The international team of scientists including 18 Indian scientists decodes the complex wheat genome
In a major scientific breakthrough, a team of international researchers, including 18 from India decoded the wheat genome, considered insurmountable so far. The information generated will help to identify genes controlling complex agronomic traits such as yield, grain quality, resistance to diseases and pests, as well as tolerance to drought, heat, water logging and salinity.
Reacting to the breakthrough, Science & Technology Minister Dr Harsh Vardhan said, “cracking of the bread wheat genome will go a long way in developing climate-resilient wheat and help tide over possible impact of climate change on farm output.” The minister congratulated the Indian team involved in the research and said, it proves our scientists are capable of matching the best in the world in any discipline.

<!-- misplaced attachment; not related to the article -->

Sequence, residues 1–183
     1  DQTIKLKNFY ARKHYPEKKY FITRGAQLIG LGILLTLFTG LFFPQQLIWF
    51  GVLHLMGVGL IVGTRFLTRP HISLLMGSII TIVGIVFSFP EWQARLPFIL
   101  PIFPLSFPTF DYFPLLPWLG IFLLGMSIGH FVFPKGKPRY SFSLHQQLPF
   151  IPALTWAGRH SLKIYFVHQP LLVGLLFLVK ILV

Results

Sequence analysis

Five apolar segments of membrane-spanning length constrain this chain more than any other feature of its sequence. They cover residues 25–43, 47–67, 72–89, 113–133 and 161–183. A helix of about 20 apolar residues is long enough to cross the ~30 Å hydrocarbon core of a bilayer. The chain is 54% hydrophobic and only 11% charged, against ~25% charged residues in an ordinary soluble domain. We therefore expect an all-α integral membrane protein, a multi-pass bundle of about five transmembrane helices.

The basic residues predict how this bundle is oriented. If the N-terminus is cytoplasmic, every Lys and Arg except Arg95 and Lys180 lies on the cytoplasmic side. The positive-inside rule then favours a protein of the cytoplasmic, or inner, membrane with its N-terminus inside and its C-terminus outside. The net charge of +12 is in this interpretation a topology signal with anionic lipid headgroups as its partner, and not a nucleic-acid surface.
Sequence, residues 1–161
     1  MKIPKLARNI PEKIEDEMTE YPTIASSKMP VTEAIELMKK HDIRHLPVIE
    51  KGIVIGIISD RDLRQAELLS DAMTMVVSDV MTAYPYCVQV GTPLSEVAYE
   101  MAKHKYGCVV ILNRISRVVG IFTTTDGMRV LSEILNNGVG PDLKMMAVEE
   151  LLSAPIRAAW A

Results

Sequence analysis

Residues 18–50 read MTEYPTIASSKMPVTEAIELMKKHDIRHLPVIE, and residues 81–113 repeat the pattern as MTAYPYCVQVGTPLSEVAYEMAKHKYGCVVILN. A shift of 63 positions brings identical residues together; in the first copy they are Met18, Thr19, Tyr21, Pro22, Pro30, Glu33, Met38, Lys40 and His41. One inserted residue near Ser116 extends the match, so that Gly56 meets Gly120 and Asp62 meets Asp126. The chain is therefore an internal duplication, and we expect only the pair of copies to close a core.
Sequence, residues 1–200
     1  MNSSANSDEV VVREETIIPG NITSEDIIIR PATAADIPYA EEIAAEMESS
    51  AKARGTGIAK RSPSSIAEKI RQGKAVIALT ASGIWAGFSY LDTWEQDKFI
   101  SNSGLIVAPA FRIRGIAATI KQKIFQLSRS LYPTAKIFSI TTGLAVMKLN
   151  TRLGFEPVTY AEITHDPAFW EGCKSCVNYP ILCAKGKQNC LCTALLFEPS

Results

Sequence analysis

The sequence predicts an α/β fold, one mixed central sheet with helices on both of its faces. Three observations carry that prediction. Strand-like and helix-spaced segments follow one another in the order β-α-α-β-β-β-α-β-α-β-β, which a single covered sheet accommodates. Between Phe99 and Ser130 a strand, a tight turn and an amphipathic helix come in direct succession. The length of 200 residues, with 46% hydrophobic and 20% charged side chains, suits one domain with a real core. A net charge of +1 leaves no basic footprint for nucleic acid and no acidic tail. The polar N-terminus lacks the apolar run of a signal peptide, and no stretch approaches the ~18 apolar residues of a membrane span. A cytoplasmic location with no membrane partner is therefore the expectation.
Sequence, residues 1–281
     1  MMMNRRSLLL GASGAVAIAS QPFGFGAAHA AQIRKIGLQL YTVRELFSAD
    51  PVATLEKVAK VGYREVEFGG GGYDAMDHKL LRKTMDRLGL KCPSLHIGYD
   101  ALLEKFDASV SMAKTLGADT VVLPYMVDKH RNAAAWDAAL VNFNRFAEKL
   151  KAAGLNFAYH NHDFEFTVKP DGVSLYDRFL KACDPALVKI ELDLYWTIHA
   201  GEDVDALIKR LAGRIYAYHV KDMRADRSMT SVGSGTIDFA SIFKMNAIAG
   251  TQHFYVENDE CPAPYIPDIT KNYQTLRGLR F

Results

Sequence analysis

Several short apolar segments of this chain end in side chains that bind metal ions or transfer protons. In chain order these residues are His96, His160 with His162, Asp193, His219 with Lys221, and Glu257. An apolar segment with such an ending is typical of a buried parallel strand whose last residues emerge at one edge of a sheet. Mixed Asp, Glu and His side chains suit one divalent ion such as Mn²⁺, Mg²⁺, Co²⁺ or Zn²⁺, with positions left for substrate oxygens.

In an article published in ‘Science’, the authors said, the DNA sequence has been ordered and it represents the highest quality genome sequence generated to date for the bread wheat. The reference genome covers 94% (14.5 Gb) of the entire wheat genome. The bread wheat has a complex hexaploid genome which is 40 times larger than that of the rice genome and 5 times larger than the human genome.
The research article– authored by more than 200 scientists from 73 research institutions in 20 countries. A team of 18 Indian scientists co-authoring this paper, led by Dr. Kuldeep Singh at Punjab Agricultural University (PAU) Ludhiana, Professor J. P. Khurana at the University of Delhi South Campus, and Professor Nagendra Singh at ICAR-National Research Centre on Plant Biotechnology, New Delhi, contributed to the decoding of Chromosome 2A of the wheat genome. This project was financially supported by the Department of Biotechnology, Government of India.
The availability of high quality reference genome would accelerate the breeding of climate-resilient wheat varieties to feed the ever-increasing world population and help address global food security in the decades to come.